En-zyme means “in yeast”, so called because that is where these were first found. Enzymes are needed to do many different jobs: breaking down food to get energy; building small molecules up into larger ones; rearranging molecules; getting rid of waste products.
For every job which has to be done in life there is at least one kind of enzyme. Sometimes several of them work together to achieve a single task. Let’s follow a simplified example.
Suppose a cell needs to split a food molecule in two. The first step is that, because the surrounding molecules are constantly moving, they carry the target into the enzyme.
Water carries the target into the enzyme
Obviously the enzyme must not split just any molecule. If it did it might attack the living cell it belongs to and kill it. So the enzyme must be able to identify its target molecule. The enzyme has a hole with just the right shape to capture the target.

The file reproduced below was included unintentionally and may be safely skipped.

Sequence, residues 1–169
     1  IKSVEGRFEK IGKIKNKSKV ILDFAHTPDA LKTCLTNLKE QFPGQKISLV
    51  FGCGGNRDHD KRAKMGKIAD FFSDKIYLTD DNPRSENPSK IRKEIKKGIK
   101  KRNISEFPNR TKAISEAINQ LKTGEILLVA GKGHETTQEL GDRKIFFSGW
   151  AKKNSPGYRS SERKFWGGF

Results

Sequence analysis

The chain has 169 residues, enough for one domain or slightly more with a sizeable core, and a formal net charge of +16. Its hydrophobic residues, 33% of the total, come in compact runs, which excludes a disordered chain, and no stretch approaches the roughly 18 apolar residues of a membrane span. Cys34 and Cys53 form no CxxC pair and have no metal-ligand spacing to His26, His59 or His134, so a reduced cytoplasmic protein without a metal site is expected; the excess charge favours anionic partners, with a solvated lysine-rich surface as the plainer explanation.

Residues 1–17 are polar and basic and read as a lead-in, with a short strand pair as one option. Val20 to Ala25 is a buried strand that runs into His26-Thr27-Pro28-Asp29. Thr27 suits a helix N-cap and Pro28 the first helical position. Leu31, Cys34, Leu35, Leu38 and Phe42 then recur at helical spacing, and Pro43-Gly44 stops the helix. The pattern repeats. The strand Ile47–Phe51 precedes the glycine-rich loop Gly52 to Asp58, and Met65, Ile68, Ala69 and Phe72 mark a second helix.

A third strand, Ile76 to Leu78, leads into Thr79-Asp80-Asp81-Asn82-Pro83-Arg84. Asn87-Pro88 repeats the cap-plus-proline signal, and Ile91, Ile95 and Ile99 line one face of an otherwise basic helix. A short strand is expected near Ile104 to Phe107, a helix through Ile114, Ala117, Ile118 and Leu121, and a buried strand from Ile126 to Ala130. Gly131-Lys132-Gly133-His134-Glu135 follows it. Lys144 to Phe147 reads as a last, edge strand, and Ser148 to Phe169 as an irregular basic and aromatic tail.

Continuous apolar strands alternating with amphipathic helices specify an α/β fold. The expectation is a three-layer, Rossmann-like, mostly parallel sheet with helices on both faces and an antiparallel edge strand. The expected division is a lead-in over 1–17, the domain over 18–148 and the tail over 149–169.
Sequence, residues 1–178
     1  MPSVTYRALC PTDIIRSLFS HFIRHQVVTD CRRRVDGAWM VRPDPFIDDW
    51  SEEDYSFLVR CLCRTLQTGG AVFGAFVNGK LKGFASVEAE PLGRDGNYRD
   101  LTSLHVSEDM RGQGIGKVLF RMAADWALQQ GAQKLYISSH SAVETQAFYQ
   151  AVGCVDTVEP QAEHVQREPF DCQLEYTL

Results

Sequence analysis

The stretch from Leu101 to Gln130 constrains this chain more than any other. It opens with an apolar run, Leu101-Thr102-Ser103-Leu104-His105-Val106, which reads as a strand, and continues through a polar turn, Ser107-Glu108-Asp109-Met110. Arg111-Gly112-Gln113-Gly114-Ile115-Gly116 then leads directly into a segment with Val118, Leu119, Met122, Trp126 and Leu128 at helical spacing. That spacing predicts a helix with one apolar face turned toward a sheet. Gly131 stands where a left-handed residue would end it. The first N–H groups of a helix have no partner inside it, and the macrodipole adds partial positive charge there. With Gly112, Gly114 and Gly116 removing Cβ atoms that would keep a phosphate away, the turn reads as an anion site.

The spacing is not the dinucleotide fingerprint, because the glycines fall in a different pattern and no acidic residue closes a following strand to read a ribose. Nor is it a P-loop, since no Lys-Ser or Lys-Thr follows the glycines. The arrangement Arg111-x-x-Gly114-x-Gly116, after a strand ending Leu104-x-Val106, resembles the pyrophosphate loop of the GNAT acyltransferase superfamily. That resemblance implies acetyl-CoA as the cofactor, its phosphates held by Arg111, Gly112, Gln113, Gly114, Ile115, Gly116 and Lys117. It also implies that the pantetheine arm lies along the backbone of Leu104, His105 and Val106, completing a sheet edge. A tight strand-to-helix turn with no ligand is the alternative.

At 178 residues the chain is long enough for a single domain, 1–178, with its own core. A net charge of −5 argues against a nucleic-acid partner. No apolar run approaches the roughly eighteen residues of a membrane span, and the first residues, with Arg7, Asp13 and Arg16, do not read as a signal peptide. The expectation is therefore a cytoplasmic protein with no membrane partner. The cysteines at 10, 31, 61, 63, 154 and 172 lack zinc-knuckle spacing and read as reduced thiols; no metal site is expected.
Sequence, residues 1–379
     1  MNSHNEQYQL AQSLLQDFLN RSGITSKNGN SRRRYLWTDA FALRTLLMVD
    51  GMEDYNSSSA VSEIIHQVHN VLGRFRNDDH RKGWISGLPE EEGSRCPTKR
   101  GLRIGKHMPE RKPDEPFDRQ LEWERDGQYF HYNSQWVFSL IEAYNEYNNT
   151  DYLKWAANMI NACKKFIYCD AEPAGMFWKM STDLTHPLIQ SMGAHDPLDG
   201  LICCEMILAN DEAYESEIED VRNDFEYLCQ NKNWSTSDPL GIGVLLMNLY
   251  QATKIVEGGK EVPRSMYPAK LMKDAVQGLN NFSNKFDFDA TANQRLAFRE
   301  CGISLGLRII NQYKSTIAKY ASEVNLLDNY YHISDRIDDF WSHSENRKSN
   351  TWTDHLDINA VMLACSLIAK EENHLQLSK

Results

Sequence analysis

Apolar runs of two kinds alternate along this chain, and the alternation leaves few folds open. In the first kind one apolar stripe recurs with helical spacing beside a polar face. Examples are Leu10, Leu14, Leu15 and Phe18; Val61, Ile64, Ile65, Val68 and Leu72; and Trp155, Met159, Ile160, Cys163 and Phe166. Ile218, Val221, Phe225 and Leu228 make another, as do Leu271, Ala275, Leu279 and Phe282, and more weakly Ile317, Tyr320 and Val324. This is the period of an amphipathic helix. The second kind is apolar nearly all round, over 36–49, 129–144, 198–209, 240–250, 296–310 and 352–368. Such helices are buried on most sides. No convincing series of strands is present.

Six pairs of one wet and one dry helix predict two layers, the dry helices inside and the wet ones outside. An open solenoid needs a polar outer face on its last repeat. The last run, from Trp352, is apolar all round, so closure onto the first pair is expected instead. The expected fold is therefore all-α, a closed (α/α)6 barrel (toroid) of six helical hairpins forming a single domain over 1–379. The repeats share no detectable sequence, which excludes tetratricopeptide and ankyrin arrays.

The target fits like a key into a lock
As a result of the target entering, the enzyme changes shape and breaks the target in two.
The enzyme breaks the target
Once the target is broken, the enzyme changes shape again and releases the broken fragments.
The enzyme releases the fragments, ready for the next target to enter
An enzyme can do only one job - in this case breaking a food molecule - but it can do that job many times. Notice that the shape of the crack in this enzyme is important. The shape decides which molecule the enzyme can do work on and what job can be done on it. Life has to use many different enzymes, one for each job it needs to do, each one with a different shape.
Size of an enzyme
On Soccearth (a soccer ball blown up to the size of the Earth) a typical enzyme would be 20 to 40 cm across, about the size of a microwave oven.
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